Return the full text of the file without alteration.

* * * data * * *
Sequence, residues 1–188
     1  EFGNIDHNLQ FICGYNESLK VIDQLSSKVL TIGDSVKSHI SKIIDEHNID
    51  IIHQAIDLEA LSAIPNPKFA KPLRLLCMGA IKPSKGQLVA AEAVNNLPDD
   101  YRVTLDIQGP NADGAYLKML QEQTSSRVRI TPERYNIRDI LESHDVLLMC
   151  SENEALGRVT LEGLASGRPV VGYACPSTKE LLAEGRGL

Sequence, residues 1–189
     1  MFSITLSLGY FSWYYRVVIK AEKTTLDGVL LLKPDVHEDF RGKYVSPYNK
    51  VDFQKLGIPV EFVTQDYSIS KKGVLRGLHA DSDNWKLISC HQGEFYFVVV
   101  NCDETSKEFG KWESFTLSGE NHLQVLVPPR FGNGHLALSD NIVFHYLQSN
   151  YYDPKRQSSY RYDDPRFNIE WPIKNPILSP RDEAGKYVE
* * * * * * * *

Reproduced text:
Sequence, residues 1–188
     1  EFGNIDHNLQ FICGYNESLK VIDQLSSKVL TIGDSVKSHI SKIIDEHNID
    51  IIHQAIDLEA LSAIPNPKFA KPLRLLCMGA IKPSKGQLVA AEAVNNLPDD
   101  YRVTLDIQGP NADGAYLKML QEQTSSRVRI TPERYNIRDI LESHDVLLMC
   151  SENEALGRVT LEGLASGRPV VGYACPSTKE LLAEGRGL

Sequence, residues 1–189
     1  MFSITLSLGY FSWYYRVVIK AEKTTLDGVL LLKPDVHEDF RGKYVSPYNK
    51  VDFQKLGIPV EFVTQDYSIS KKGVLRGLHA DSDNWKLISC HQGEFYFVVV
   101  NCDETSKEFG KWESFTLSGE NHLQVLVPPR FGNGHLALSD NIVFHYLQSN
   151  YYDPKRQSSY RYDDPRFNIE WPIKNPILSP RDEAGKYVE